Bob Caudle then opined, “Well, what you’re saying is that you were in bad shape even before you started that match against Valentine.” Wahoo admitted, “Well, [Flair] stung me and hurt me…as you can see I’m still a little mad here. I’ve been stung before; I’ve been hurt before. But the man got some good licks on me…he hit me with the belt.” Caudle added, “Caught you off guard, too.” Wahoo continued to narrate, “As you can see here, [referee] Tommy Young is trying to raise my hand and give me a disqualification and give me the belt, but like I said when I get up in the morning I have to look in the mirror and I want to see a man in the mirror…I didn’t want to win it on a disqualification.”

The film then shows Valentine walking down the aisle, seemingly oblivious to the brutal attack Wahoo just suffered. The Chief noted, “There’s Valentine just arriving at the ring.” Caudle analyses, “He looks like he doesn’t even know what was going on…I wonder if that’s really the case?” McDaniel followed up, “I don’t know if that’s the case or not. I went ahead and fought the man…the match didn’t last that long, maybe ten or twelve minutes, and he beat me for the belt.” Caudle commented in response to Crockett, “David, I’d say that’s a heck of a way to lose a belt.” Crockett added, “So really, instead of wrestling one man he had to wrestle two.”

Wahoo declined to accept David’s opening to explain the loss, “Like I said, I’m not cryin’ over spilled milk…the man has to wrestle me individually for that title. Every night, they’re at least 50 guys out there layin’ awake conniving and trying to figure out some way they can take that belt away from you. Believe me, he’s gonna have to wrestle me…he’s gonna get it.”

The focus of the film clip then shifted to the short bout between an injured and bloody Wahoo and a fresh as a daisy Valentine. Caudle said, “Now, this is some of the action in that match?” Wahoo noted, “This is action during the match; this tape is abbreviated. You can see right there I’m bleeding pretty good; my eye was knocked almost shut.” Crockett exclaimed, “Valentine’s laying in those sledgehammer rights!” Caudle observed, “He’s hittin’ you right in that eye again, too.”

Wahoo agreed, “That’s right, he’s taking advantage because the man saw my head’s bleeding…I wouldn’t blame him. I fought hard.” Crockett then excitedly uttered, “It looks like you’re getting’ ready to take Valentine’s head off!” Unfortunately for the fans, that was Wahoo’s only semblance of an offense during the entire match. Wahoo then harkened back to the events that put him in such an awful position saying, “I don’t know if [Flair] had anything to do with it or not, but I’m just sayin’ Flair had no business there. It’s the second time, [Valentine] saved Flair one time on TV a week or two ago, and now Flair saved him here and he won the title. But like I said, I’m not crying, he’s got to wrestle me.”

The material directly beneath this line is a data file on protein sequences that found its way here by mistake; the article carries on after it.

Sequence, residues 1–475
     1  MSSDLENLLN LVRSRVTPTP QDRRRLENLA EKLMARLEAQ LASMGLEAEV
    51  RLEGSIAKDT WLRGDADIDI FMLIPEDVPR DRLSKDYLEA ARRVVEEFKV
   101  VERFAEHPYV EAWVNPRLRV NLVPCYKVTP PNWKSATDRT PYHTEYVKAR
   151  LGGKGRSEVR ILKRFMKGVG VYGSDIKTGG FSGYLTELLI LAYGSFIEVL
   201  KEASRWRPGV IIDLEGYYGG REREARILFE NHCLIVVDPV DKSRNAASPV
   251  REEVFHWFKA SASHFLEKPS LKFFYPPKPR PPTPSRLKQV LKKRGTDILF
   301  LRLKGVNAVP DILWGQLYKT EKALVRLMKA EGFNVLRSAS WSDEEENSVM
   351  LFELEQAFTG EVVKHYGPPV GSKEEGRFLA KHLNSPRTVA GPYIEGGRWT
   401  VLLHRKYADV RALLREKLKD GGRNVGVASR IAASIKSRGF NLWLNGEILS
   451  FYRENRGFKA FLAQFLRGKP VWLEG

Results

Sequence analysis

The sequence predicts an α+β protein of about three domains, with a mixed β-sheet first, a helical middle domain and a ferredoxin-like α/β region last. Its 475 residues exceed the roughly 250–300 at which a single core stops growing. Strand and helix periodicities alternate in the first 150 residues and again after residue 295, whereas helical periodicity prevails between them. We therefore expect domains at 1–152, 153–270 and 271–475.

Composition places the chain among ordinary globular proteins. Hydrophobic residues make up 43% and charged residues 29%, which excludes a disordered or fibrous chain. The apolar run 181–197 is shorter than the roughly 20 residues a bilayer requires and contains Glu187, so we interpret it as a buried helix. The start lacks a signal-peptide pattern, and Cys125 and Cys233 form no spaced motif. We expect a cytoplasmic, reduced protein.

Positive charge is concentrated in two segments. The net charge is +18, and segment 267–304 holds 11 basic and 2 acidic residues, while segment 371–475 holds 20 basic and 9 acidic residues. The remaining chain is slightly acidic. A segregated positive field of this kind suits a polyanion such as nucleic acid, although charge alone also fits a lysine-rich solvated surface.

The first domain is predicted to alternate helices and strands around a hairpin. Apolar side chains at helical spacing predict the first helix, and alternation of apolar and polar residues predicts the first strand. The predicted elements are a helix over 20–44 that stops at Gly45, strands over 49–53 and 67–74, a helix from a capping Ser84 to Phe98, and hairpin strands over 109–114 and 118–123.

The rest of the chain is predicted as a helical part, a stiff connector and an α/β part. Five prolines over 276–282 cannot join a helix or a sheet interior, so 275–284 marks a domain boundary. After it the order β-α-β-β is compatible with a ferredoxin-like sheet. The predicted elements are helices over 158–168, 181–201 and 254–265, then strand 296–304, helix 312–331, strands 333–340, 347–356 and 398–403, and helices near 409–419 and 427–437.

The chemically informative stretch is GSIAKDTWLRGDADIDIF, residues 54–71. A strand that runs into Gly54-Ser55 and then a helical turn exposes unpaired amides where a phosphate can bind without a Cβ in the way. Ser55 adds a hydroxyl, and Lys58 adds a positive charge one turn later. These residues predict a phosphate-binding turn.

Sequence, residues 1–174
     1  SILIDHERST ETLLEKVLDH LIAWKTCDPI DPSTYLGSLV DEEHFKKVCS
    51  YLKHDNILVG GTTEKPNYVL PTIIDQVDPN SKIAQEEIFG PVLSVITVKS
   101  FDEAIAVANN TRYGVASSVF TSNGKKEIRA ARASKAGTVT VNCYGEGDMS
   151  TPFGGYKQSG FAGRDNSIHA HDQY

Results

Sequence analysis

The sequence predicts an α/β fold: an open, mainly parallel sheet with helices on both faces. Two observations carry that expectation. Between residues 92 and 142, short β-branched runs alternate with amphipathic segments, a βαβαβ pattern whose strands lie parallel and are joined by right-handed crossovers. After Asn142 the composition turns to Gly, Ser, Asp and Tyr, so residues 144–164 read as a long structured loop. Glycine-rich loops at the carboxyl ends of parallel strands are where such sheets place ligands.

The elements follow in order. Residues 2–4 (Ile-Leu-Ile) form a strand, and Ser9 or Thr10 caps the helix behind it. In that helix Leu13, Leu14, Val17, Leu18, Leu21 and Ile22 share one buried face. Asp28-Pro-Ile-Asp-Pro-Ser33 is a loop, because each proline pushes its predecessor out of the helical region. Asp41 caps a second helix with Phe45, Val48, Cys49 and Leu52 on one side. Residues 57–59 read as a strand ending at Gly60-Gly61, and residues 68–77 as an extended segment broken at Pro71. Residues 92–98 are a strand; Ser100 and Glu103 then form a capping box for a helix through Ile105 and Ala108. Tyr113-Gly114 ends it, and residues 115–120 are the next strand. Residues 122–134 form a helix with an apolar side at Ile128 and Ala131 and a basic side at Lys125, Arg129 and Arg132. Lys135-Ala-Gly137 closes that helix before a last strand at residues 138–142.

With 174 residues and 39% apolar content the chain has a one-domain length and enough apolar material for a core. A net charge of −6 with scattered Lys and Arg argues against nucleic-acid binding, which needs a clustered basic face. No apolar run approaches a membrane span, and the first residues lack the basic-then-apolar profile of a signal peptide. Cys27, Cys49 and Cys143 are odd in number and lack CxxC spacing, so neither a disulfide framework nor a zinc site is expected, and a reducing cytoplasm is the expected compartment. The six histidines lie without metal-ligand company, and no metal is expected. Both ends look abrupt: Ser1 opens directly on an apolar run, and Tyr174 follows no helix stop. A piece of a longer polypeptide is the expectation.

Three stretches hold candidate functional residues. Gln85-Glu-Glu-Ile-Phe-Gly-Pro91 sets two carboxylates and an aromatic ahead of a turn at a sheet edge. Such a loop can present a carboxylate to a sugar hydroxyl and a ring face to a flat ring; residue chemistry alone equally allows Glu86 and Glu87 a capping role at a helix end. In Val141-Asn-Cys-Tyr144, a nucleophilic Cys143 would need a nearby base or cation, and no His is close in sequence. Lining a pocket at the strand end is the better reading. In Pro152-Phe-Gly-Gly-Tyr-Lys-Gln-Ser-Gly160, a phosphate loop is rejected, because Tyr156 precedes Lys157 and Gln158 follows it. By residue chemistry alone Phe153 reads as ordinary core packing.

As the bout neared its conclusion, McDaniel explained, “You see right there he suplexed me…but I did manage to kick out.” Bob Caudle then brought up a historical reference, remembering, “This Ric Flair, he’s gotten you a couple of times. I remember a table leg here a while back Wahoo…and now a belt across the eye.” That recollection from Bob dramatically altered Wahoo’s take on the situation, as his mood changed from resignation to anger and defiance. McDaniel shot back, “That’s right, and like I told the fans on TV, I’m through being on the short end of the stick. I’m going to wrestle like I used to wrestle, and I’m not gonna be the one that’s hurt all the time and doin’ all the suffering…I’m tired of it!”

Increasingly perturbed, Wahoo continued, “Right here, the man beat me. A big elbow, just to make sure I’m down…the man beat me for the title. No doubt about that…one, two, three.” Caudle unknowingly stoked the Chief’s growing anger when he told Crockett, “Well David as I said before, I think it was really a tough way to go Wahoo…I really don’t think you should have had to fought that match.” Trying to maintain his composure, Wahoo replied, “Well, the one thing about it, you’ve gotta be the champion to get beat for the belt…I was proud to be the champion for as long as I was. I feel like I let the people down a little bit, I know I can get the belt back…I beat the man before.”

After Crockett commented, “Everything he’s said so far he’s backed up so he’ll probably be champion again,” Wahoo blew a gasket! “Well, the man goes around tellin’ he’s Johnny Valentine’s brother,” McDaniel fumed about Greg. Wahoo, now totally incensed at the whole situation snarled “Well, he’s Johnny Valentine’s son, I know this, and I know [Johnny]Valentine hated my guts all these years and I know he sent [Greg Valentine] after me and that’s one thing [Johnny]Valentine told him to beat me and get me out of wrestling and that’s what he’s tryin’ to do and he’s gonna have a hard time doin’ it!”